Editor's comment: What does the future have in store?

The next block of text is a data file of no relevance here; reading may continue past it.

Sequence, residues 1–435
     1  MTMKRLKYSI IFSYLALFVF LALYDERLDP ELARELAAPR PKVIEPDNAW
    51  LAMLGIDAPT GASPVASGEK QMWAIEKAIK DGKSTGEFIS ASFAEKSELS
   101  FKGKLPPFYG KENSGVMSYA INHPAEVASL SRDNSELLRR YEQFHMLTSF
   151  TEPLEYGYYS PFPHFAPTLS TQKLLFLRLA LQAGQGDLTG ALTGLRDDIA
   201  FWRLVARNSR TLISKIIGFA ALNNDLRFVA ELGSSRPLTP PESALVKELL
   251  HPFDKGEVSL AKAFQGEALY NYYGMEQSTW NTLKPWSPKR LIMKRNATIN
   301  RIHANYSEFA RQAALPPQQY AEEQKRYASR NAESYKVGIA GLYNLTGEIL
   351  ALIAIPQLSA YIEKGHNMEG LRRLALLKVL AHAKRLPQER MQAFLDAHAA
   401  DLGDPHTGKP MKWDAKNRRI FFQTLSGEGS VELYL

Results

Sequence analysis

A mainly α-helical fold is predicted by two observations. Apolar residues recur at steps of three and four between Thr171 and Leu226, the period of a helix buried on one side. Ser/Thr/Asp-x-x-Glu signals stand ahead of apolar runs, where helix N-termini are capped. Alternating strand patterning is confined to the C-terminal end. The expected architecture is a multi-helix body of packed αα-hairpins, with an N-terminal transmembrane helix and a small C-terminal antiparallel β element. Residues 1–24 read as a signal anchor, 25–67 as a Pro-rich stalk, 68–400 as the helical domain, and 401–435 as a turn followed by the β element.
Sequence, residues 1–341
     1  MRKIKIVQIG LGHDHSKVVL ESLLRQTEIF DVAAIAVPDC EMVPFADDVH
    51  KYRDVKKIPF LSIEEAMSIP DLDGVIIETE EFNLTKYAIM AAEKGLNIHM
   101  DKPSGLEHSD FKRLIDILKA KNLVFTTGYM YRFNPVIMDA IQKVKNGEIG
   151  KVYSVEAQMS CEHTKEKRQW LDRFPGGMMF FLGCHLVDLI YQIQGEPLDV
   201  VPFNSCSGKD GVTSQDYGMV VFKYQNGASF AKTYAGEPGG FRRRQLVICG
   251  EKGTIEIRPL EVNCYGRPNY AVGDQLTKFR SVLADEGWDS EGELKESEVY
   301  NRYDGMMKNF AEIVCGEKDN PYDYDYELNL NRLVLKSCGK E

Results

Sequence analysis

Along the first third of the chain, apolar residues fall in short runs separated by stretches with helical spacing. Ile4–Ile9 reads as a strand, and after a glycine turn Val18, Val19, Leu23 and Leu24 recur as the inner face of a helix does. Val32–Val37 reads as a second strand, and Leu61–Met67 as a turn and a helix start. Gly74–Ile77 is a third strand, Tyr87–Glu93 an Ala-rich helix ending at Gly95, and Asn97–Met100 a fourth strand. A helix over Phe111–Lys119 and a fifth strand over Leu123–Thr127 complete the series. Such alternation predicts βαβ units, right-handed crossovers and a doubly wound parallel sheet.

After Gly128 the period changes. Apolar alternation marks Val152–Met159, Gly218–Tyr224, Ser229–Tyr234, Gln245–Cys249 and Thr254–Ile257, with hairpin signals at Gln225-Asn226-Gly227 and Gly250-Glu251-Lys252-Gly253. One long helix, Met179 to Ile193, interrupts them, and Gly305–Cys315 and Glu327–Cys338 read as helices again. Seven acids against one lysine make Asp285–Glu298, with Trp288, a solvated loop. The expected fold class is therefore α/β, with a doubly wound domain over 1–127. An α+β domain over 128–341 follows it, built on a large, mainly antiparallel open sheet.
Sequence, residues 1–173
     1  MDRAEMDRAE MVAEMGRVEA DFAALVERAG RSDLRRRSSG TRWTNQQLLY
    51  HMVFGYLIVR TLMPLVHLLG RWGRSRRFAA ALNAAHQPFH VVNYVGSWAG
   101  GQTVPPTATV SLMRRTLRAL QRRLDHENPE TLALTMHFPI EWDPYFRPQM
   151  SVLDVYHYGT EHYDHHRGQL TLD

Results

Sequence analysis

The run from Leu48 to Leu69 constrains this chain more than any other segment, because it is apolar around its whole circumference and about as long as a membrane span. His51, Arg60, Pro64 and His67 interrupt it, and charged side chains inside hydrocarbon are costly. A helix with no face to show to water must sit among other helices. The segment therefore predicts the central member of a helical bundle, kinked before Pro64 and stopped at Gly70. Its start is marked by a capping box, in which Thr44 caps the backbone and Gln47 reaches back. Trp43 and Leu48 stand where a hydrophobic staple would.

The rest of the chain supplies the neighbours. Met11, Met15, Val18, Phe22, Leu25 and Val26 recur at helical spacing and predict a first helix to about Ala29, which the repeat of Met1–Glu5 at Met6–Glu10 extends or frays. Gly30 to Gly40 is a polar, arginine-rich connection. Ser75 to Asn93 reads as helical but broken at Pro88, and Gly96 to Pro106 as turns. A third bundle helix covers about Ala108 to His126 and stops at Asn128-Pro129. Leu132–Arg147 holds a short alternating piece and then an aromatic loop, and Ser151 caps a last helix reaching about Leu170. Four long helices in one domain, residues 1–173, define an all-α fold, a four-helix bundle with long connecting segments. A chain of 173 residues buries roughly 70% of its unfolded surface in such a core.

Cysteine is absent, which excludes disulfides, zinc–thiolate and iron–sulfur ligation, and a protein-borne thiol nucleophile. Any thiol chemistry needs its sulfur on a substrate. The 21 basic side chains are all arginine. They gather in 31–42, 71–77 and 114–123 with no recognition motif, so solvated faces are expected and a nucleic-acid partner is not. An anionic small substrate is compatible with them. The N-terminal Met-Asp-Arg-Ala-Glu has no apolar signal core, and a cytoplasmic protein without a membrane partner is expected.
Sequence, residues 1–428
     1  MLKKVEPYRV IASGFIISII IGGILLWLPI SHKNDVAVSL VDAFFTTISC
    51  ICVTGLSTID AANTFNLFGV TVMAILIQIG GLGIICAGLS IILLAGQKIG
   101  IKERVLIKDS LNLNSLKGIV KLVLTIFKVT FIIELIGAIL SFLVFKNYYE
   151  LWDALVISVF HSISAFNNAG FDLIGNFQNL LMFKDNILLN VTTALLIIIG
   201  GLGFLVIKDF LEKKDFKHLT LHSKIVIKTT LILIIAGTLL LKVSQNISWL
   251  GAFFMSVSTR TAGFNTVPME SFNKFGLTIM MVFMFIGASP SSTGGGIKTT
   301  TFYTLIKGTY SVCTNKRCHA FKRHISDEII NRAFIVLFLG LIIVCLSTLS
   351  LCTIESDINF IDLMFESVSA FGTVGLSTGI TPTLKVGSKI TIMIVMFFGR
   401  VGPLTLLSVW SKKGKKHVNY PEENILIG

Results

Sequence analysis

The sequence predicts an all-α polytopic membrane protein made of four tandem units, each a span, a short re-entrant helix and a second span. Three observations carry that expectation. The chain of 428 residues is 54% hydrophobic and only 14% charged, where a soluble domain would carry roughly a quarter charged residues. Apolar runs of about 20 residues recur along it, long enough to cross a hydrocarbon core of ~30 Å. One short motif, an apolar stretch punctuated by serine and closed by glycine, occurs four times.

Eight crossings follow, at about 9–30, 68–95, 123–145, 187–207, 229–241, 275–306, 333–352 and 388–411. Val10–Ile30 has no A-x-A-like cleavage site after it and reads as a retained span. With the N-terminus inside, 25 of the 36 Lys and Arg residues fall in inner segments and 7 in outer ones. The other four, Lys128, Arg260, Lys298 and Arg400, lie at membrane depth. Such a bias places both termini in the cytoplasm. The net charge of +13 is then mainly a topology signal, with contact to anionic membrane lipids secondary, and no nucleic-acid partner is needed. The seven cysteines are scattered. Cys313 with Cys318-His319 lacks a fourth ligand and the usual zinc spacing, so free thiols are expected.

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It’s been four months since I joined the team here at Reactions and it has been a steep learning curve into the world of re/insurance and the ideas and problems that are, to steal the phrase I have seen plastered over the walls at several events, “keeping those in insurance awake at night”. This was highlighted at the recent Airmic conference in Liverpool in June where the looming spectre of the technological revolution was discussed more than any other topic. Between Airmic CEO John Ludlow’s opening plenary speech, the panel discussions and speaking to those on the ground at the stands, there was a mix of nervous energy and excitement about what technology will do to the industry. People know disruption is coming, they know the big ticket item that is going to change the industry is probably being worked on somewhere in an IT department as they speak, but they just don’t know what it is. This technology revolution means one of the most common phrases I hear is “tangible versus intangible” assets and how the industry must learn to work in this new field because it’s no secret that the world of business is changing as we move to a cyber-oriented future. The oft-trotted out staple that Uber owns no taxis and Airbnb owns no hotels has already become a cliché but it is true, and the insurance industry needs to take this changing environment into account. Bricks and mortar are out and zeroes and ones are in as more and more business look to an online-focused future to protect themselves from changing consumer habits. It’s difficult to say what effect this will have on insurance in the upcoming years, but what we do know is that this is a time of flux and that not doing anything is not an option. One of the ways this change was also highlighted in my first few weeks was the UK government’s programme to announce the gender pay gap for all companies with over 250 staff. Not technology, but cultural change. Something that a large portion of the industry is clamouring for, but has – even in my short time on the staff – been visibly dismissed by the old white men at the top in public arenas. The pay gap reveals said nothing we didn’t already know, but it showed the data properly for the first time and gave us an insight into why it existed - women are paid the same for work done in equal positions, but the problems is women aren’t making it into the top quartile of positions and so the pay is skewed for all. This issue and the other surrounding diversity and inclusion is something we plan on covering much more in Reactions. Insurance is often regarded as a conservative and slow-moving industry. But on this issue, it simply cannot afford to be. If it wants to attract and retain the best talent, if it wants to be able to better protect itself from disruption from outside the industry and if it wants to better reflect its customer base, then it needs to find ways to listen to those asking for change. One of the best conversations I’ve had since I joined was with the co-head of LINK, the insurance LGBT+ mentoring group in the City, where we discussed what would make insurance a more attractive sector to both young graduates and those more experienced workers seeking a career change. There was no single answer, but the problems could be summed up with one small but powerful statement that she made in our interview: “insurance needs better PR”. Plain and simple – the industry needs to convince people it’s worth investing in and learning about. Whether this is to achieve a dynamic new generation of colleagues to join, or so the industry can withstand an onslaught of inevitable disruption is unimportant. What matters is that it does and that it embraces the change.

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